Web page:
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Keystone pipeline: Five years later, a changed energy dynamic

The Keystone pipeline was first proposed five years ago. A lot has changed since then and the Canadian economy is starting to ponder a future that's less coupled to the US energy market, Graeber writes. TransCanada, with its domestic pipeline proposal, is already hedging its bets on the Keystone pipeline.

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Supporters and detractors of the Keystone XL oil pipeline made their voices known Thursday, the 5th anniversary of TransCanada's permit application to the U.S. State Department. TransCanada needs a federal permit to build the section of the pipeline that would cross from Alberta oil fields into Montana. American Petroleum Institute President Jack Gerard said Keystone XL would displace oil from "unstable parts of the world" with North American crude.  But by Oliver's own admission, production gains in the U.S. market means "it will need Canadian resources less in the future." (Related Article: Obama’s Latest Comments Cast Even More Doubt on Keystone XL Approval)

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Oliver mid-September touted the potential economic benefits from TransCanada's Energy East pipeline proposal. That project would stretch some 2,700 miles from oil fields in Alberta and Saskatchewan to eastern Canadian refineries, which currently rely on foreign imports. TransCanada said the pipeline would deliver 1.1 million bpd to eastern refineries, nearly 25 percent more than Keystone XL.  The Canadian government estimates Energy East would generate more than $30 billion in gross domestic product and another $9.7 billion in tax revenue.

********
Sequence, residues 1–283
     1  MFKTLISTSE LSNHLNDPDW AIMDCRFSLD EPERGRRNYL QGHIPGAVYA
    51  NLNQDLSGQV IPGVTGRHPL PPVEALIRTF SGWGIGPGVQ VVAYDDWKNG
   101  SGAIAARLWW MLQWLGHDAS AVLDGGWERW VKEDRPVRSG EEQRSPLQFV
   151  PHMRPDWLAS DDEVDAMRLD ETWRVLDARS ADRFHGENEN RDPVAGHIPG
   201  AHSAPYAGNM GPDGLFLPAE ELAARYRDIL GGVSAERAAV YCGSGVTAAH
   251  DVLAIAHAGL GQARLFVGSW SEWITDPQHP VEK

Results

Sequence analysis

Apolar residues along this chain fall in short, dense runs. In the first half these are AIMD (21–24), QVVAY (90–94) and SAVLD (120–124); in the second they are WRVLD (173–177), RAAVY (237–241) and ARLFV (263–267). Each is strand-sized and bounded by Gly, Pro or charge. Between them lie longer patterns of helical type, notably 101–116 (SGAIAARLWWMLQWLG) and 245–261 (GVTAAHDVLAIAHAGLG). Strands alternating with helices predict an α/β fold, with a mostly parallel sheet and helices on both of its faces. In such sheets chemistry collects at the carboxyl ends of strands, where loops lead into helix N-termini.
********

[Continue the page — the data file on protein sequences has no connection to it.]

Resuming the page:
When Keystone XL was first proposed, the United States was producing about 5 million barrels per day. In August, the United States produced 7.6 million bpd, the highest monthly level in 24 years. Against the backdrop of clamoring over job prospects, energy security, pipeline corrosion and greenhouse gas emissions is the changing dynamic in the North American energy market since Keystone XL was put on the table. Oliver's comments show the Canadian economy is starting to ponder a future that's less coupled to the U.S. energy market. TransCanada, with its domestic proposal, is already hedging its bets.

Original Article: http://oilprice.com/Energy/Energy-General/Why-Canadas-Oil-Future-isnt-Going-South.html

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